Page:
Star Trek is an American science fiction media franchise created by Gene Roddenberry, which began with the eponymous 1960s television series and became a worldwide pop-culture phenomenon. Since its creation, the franchise has expanded into various films, television series, video games, novels, and comic books, and it has become one of the most recognizable and highest-grossing media franchises of all time. The franchise began with Star Trek: The Original Series, which debuted in the US on September 1966, and aired for three seasons on NBC. It was first broadcast in September 1966, on Canada's CTV network. The series followed the voyages of the crew of the starship USS Enterprise, a space exploration vessel built by the United Federation of Planets in the 23rd century, on a mission "to explore strange new worlds, to seek out new life and new civilizations, to boldly go where no man has gone before".

The Star Trek canon includes the Original Series, 11 spin-off television series, and a film franchise; further adaptations also exist in several media. After the conclusion of the Original Series, the adventures of its characters continued in the 22-episode Star Trek: The Animated Series and six feature films. A television revival beginning in the 1980s saw three sequel series and a prequel: The Next Generation, following the crew of a new starship Enterprise a century after the original series; Deep Space Nine and Voyager, set in the same era as the Next Generation; and Enterprise, set before the original series in the early days of human interstellar travel. The adventures of the Next Generation crew continued in four additional feature films. In 2009, the film franchise underwent a reboot, creating an alternate continuity known as the Kelvin timeline; three films have been set in this continuity. The newest Star Trek television revival, beginning in 2017, includes the series Discovery, Picard, Short Treks, Lower Decks, Prodigy, and Strange New Worlds, streaming exclusively on digital platforms.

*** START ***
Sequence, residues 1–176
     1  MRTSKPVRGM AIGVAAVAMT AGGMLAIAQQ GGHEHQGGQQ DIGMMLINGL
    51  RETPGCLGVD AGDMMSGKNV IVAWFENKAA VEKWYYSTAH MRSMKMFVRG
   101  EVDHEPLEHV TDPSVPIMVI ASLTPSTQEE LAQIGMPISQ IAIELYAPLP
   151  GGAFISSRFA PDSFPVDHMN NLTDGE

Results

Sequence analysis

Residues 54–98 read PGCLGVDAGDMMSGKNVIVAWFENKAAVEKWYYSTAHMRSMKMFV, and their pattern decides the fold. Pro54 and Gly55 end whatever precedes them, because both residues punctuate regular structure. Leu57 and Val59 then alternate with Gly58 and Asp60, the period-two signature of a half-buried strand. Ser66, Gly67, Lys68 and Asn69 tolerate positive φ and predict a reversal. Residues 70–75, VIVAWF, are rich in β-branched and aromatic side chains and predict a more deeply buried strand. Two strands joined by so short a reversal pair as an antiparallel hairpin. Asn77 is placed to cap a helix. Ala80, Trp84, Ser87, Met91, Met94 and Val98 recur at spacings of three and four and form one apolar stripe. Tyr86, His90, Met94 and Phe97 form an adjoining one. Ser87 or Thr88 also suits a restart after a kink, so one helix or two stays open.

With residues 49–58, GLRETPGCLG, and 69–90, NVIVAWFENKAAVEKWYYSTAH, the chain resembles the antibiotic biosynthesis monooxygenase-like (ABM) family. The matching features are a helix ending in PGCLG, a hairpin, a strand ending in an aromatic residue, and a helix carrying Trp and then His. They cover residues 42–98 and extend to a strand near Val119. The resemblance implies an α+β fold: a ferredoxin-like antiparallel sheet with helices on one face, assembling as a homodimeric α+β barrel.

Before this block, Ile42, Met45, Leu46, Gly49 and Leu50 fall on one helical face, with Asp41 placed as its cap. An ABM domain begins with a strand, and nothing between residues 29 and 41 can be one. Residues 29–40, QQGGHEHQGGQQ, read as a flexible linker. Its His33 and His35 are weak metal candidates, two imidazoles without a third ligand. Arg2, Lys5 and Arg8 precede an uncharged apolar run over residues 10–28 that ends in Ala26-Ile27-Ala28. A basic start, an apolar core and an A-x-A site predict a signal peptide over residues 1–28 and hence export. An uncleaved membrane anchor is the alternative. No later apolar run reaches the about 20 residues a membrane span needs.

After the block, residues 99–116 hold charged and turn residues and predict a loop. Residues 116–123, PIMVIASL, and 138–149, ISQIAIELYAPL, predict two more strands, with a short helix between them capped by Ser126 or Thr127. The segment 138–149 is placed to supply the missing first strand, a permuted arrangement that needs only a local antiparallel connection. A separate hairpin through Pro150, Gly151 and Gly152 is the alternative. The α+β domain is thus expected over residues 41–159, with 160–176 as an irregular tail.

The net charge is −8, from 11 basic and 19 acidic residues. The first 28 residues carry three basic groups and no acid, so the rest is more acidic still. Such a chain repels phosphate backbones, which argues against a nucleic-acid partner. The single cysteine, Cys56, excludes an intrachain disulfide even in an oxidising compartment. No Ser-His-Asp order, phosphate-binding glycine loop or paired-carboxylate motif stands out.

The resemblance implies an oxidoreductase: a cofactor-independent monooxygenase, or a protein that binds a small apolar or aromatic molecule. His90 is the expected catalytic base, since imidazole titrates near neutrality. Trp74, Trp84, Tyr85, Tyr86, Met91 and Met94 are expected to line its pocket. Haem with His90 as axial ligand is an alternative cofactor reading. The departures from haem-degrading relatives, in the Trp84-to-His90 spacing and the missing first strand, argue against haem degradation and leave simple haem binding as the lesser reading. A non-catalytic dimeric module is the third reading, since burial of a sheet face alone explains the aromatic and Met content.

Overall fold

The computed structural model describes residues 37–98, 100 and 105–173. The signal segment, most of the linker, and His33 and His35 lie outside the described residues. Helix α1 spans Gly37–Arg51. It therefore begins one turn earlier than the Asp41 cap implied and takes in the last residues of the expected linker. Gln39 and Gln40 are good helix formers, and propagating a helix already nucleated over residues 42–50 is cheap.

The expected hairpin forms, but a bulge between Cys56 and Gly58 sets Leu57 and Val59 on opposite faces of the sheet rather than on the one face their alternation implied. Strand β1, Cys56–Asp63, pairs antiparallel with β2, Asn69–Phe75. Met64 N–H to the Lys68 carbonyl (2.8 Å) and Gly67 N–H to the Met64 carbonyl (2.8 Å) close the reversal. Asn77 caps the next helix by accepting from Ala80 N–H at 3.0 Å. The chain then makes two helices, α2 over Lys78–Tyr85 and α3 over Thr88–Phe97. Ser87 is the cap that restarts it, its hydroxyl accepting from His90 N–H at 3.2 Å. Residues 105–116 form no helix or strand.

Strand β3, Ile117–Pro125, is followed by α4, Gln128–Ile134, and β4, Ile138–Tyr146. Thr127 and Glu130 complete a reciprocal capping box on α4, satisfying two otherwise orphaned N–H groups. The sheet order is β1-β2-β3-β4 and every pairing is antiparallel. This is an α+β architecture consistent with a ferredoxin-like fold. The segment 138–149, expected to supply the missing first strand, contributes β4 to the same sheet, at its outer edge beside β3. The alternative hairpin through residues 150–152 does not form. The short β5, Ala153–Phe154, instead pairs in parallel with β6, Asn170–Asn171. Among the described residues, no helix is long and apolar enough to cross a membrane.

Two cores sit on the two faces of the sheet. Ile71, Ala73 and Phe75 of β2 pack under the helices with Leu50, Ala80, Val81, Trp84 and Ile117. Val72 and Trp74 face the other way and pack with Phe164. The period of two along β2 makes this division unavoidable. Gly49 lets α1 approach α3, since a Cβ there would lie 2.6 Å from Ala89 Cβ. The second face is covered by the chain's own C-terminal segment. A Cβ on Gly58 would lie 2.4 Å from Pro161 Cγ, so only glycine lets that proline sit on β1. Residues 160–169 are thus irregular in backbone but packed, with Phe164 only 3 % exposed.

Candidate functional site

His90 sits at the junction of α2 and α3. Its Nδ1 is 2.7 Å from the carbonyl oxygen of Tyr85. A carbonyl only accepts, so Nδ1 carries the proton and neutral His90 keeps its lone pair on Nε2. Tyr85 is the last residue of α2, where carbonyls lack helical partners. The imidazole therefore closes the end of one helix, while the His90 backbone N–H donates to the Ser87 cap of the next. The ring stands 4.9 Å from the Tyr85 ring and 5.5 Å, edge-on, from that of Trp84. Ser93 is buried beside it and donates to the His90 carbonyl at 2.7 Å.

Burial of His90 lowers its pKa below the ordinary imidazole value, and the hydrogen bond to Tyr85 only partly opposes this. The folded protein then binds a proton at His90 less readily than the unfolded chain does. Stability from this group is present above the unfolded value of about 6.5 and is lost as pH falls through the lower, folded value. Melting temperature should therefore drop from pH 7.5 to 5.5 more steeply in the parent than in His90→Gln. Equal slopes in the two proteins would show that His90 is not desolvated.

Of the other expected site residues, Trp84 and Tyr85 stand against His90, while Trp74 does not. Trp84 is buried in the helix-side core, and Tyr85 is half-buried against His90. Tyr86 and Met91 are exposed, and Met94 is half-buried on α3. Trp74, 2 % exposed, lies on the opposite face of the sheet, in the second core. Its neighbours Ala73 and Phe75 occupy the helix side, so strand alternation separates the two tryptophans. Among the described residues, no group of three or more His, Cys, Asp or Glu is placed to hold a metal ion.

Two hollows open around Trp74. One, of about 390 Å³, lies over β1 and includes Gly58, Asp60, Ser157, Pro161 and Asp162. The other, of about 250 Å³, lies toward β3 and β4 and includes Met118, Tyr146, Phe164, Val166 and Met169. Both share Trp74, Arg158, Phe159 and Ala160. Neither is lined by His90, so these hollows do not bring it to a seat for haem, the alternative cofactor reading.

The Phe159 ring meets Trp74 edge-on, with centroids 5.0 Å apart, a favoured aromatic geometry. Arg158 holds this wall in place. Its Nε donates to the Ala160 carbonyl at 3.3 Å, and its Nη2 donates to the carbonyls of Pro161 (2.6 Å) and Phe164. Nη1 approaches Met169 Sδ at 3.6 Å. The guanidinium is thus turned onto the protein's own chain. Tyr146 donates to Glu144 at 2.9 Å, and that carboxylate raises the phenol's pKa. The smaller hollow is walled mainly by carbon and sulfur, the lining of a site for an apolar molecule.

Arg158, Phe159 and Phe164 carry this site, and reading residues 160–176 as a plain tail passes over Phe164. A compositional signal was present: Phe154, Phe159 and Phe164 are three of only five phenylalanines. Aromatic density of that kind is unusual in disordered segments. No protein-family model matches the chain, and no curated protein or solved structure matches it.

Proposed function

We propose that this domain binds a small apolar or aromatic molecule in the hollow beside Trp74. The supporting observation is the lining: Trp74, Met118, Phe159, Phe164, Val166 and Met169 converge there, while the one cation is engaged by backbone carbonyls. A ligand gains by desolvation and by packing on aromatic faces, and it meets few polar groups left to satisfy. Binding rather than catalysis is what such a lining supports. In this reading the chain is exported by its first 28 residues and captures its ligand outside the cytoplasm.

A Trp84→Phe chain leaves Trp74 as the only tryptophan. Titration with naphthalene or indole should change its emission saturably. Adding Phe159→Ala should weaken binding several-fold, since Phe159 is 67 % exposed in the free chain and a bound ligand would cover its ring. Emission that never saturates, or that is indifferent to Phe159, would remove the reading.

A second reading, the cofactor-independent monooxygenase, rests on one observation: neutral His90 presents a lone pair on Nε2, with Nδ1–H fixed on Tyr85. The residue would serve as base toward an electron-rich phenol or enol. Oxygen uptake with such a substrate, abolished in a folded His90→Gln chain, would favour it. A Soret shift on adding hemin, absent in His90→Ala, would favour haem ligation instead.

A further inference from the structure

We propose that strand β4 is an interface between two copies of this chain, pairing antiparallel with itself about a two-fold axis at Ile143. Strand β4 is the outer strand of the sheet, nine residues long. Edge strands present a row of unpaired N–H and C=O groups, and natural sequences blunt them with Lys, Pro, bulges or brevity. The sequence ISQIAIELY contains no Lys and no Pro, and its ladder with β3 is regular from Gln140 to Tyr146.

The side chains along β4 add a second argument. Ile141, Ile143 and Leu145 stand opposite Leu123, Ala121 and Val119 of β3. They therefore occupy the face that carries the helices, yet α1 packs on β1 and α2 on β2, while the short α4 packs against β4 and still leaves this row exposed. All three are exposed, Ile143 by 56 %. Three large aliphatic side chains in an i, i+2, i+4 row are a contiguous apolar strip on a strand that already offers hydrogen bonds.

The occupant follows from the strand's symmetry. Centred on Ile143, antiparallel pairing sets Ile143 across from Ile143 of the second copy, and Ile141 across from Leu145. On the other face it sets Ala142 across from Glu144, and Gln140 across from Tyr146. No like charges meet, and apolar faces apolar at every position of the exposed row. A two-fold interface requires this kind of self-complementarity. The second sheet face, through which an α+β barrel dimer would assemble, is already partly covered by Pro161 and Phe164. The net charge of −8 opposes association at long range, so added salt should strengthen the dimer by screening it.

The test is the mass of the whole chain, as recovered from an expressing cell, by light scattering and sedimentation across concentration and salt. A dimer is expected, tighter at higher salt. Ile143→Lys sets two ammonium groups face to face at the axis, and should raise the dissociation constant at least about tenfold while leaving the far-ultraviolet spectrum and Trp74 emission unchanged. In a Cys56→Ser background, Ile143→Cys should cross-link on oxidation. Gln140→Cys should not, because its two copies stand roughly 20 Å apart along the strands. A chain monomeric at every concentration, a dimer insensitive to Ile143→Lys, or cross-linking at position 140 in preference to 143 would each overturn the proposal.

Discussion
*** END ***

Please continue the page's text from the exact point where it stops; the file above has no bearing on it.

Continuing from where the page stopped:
Star Trek has been a cult phenomenon for decades. Fans of the franchise are called "Trekkies" or "Trekkers". The franchise spans a wide range of spin-offs including games, figurines, novels, toys, and comics. Star Trek is noted for its cultural influence beyond works of science fiction. The franchise is also notable for its progressive civil-rights stances. The Original Series included one of the first multiracial casts on US television. While the show initially enjoyed high ratings, the average rating of the show at the end of its first season dropped to 52nd out of 94 programs. Unhappy with the show's ratings, NBC threatened to cancel the show during its second season. The show's fan base conducted an unprecedented letter-writing campaign, petitioning the network to keep the show on the air. NBC renewed the show, but moved it from primetime to the Friday night death slot, and substantially reduced its budget. In protest, Roddenberry resigned as producer and reduced his direct involvement in Star Trek, which led to Fred Freiberger becoming producer for the show's third and final season. Despite another letter-writing campaign, NBC canceled the series after three seasons and 79 episodes.